As you look at your post-military career, you will likely feel overwhelmed by the choices, opportunities, industries and companies from which you can now choose. It will feel natural to limit your perspective on companies, as a way to manage all the choices you face. Unlike in the military, your civilian career will not follow as predictable a path, and you might find yourself making lateral moves, or even moving backward, to advance your livelihood.
Look Past the Product
A common mistake that transitioning service members make when looking at potential employers is judging the company by their lead product.
- Does Verizon do more than make cell phones?
- Does Raytheon make more than missile defense systems?
- Does Goldman Sachs do more than invest in stocks?
- Does Starbucks just sell coffee?
Of course, they do. Each of these companies, like other businesses, has many layers of career opportunities to offer.
I recently spoke to a soldier getting ready to join the civilian workforce. He was concerned about being able to stay in the community and town he loved, because there weren't many jobs available for "someone like me," he said. I asked what that meant, and he told me that his specialty was human performance and organizational management. "All we have are manufacturing companies in my town."
What Can a Company Offer You?
I asked him to name a company in his area. He picked one. Then we looked on the company website and found all of these teams and departments inside that one company:
- Human resources
- Supply chain
- Corporate communications
- Research and development
- Facilities management
- Real estate
- Shipping and receiving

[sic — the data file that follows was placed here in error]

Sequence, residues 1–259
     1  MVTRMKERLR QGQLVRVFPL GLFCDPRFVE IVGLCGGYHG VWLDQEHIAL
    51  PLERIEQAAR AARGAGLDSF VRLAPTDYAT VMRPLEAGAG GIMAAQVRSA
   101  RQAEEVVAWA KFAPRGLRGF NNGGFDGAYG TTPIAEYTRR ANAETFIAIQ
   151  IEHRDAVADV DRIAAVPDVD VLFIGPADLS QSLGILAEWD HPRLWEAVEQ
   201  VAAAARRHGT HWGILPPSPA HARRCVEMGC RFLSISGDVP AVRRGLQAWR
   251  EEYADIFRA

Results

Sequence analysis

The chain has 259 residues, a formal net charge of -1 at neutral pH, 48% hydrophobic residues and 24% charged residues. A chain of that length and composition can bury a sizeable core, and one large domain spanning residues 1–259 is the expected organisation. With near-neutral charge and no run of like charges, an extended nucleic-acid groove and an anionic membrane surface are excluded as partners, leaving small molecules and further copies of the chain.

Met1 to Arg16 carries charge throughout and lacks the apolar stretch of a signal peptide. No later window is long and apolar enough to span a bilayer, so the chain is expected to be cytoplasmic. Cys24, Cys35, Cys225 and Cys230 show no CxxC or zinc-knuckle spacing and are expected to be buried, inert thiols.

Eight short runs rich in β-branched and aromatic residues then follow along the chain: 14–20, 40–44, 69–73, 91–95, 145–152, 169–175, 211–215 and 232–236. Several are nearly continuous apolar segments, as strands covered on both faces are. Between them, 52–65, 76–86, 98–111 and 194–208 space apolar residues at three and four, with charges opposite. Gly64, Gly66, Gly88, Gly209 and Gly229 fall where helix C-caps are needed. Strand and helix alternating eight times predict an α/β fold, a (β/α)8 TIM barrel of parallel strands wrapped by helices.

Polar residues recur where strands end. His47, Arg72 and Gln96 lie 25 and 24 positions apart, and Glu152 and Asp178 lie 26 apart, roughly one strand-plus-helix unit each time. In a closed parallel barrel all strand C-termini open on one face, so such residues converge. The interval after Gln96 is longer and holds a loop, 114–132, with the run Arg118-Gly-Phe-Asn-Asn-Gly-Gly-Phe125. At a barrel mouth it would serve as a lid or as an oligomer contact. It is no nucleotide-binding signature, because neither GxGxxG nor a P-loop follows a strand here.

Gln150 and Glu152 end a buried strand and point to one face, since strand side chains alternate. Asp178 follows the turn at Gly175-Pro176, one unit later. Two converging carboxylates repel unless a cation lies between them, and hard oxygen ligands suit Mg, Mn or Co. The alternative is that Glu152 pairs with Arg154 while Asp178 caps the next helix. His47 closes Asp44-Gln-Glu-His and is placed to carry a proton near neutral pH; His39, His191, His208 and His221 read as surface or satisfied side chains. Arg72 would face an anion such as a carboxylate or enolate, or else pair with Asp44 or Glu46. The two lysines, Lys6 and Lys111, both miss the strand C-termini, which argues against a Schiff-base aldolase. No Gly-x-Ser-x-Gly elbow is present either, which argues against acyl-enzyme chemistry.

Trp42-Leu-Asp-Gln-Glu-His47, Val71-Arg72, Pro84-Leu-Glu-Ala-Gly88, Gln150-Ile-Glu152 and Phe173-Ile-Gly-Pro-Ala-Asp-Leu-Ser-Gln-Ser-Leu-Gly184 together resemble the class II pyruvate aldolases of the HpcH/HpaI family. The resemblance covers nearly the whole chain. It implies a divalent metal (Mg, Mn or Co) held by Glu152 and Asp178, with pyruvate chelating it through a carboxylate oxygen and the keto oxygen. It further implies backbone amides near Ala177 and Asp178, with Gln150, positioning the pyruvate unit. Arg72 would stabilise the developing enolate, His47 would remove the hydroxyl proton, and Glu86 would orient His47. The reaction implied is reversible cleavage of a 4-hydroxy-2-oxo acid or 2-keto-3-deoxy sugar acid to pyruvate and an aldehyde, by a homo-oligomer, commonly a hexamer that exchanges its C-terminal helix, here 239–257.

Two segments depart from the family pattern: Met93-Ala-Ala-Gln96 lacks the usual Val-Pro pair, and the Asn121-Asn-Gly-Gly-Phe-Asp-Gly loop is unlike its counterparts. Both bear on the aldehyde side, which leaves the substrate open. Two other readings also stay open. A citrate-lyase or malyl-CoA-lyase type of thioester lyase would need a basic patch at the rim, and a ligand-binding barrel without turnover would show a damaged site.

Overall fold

- Information technology
- Veteran resources network
The companies you will talk to in your transition will likely meet you through one channel. Maybe you apply for a supply-chain job, or perhaps you meet the marketing director at a reception, or maybe your friend works in human resources. Instead of projecting a narrow view of the company and what they can offer, consider all the facets that make a business run and where you might fit in.
Start with Your Talents and Interests
Consider your military training, skills, talents and interests. Your career in human performance in the military might suit you well in human resources, leadership and development, branding, marketing or even sales, if you remain open-minded.
Consider Working with Veterans
Are you passionate about working with service members leaving the military? Many companies have veteran hiring initiatives (and resource groups) that could benefit from your perspective and experience. Perhaps your skills in finance or logistics, combined with your passion to serve military veterans, could make you a great candidate for an opportunity within a company learning how to hire veterans.
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